Sameh Said Translocation of Anomalous Origin of the Right Coronary Artery from the Pulmonary Artery (ARCAPA) in an Infant.mov (585.25 MB)

Translocation of Anomalous Origin of the Right Coronary Artery from the Pulmonary Artery in an Infant

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posted on 2020-08-24, 21:32 authored by Sameh Said, Gustavo Orellana

The authors present the surgical repair of an anomalous right coronary artery origin from the pulmonary artery (ARCAPA) in an infant. This is a 3-month-old, 4.2 kg boy who was born prematurely at 28 weeks gestation with a birth weight of 750 grams.

The child presented with shortness of breath and sweating during feeding. A soft continuous murmur was heard over the precordium. Echocardiography revealed dilated coronary arteries with multiple intracoronary collaterals with the known “Christmas tree” pattern. The anomalous coronary artery was visualized with its origin from the main pulmonary artery above the pulmonary valve leaflets. Cardiac catheterization confirmed the anomalous origin and the course of the right coronary artery.

Through a standard median sternotomy and after aortic and right atrial cannulation, cardiopulmonary bypass was initiated after both branch pulmonary arteries were snared to prevent steal from the systemic circulation and left ventricular distension secondary to the large left-to-right shunt. Aortic cross clamp was applied and cardioplegia was administered simultaneously in both the aortic and pulmonary roots. The right coronary artery was harvested in a large button from the pulmonary root and translocated to the ascending aorta. The pulmonary site was reconstructed using an appropriately sized bovine pericardial patch.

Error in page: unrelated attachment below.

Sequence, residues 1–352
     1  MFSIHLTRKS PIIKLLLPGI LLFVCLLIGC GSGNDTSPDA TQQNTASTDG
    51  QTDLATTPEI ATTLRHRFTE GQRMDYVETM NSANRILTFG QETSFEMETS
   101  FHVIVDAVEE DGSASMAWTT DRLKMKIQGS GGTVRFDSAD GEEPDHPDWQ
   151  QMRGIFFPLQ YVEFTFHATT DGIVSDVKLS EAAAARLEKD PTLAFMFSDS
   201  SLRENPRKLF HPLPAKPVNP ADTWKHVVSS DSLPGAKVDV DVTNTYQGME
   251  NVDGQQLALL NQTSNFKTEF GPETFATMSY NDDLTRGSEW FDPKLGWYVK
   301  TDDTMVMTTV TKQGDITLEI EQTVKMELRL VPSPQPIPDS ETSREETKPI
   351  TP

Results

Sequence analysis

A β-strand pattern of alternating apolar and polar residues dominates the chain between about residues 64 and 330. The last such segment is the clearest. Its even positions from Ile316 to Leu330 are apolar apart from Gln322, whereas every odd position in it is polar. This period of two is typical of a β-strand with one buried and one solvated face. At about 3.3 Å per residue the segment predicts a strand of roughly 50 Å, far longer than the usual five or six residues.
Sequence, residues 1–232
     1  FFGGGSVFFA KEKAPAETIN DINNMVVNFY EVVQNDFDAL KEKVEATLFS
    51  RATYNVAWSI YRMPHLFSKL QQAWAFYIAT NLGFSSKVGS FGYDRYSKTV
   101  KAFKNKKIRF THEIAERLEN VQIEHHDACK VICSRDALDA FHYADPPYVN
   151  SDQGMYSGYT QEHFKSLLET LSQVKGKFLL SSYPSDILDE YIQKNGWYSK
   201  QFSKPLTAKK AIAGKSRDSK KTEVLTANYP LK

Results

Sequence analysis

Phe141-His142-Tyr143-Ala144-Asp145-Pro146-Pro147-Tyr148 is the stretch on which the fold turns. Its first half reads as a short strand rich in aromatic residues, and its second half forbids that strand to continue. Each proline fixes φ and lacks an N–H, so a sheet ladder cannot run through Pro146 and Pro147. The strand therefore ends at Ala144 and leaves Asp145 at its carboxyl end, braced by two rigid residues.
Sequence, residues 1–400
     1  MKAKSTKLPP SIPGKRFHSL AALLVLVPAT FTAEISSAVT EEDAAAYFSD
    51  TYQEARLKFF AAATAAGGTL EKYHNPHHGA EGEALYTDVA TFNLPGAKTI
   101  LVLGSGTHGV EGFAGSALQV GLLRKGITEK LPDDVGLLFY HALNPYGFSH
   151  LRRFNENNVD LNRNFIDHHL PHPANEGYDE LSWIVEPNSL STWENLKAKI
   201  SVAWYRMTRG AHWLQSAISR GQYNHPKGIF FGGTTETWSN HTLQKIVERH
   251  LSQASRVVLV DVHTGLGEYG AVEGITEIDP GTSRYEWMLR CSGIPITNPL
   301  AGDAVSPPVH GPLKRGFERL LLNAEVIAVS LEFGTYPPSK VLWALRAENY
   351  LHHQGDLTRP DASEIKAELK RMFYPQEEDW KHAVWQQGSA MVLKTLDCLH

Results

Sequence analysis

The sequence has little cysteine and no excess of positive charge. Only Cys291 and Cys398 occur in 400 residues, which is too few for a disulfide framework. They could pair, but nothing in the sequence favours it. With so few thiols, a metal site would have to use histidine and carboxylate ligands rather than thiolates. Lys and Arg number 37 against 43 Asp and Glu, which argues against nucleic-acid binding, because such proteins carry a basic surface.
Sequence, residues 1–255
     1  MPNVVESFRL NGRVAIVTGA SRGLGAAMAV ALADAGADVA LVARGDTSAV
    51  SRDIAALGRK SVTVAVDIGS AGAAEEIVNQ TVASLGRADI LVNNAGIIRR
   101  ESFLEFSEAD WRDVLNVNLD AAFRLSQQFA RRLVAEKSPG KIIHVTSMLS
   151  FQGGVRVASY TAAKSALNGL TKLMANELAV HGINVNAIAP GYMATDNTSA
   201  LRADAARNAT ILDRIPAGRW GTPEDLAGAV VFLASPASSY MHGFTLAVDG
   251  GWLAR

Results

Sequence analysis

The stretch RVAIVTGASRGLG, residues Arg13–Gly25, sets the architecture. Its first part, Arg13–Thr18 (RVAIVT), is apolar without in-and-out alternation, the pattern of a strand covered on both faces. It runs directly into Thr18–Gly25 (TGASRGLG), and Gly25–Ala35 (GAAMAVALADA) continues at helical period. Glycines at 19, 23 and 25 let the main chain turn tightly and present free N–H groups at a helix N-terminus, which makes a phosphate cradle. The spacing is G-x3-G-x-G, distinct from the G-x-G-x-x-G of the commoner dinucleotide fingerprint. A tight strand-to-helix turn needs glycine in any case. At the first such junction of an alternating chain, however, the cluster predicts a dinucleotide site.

The postoperative course was uneventful and the patient was extubated in the operating room and was dismissed on the seventh postoperative day on Aspirin. Follow-up echocardiography showed no evidence of shunts with widely patent right coronary neo-ostium with normal antegrade flow. Ventricular function remained normal and CTA confirmed the patency of the coronary artery. He continued to do well at his last follow-up.


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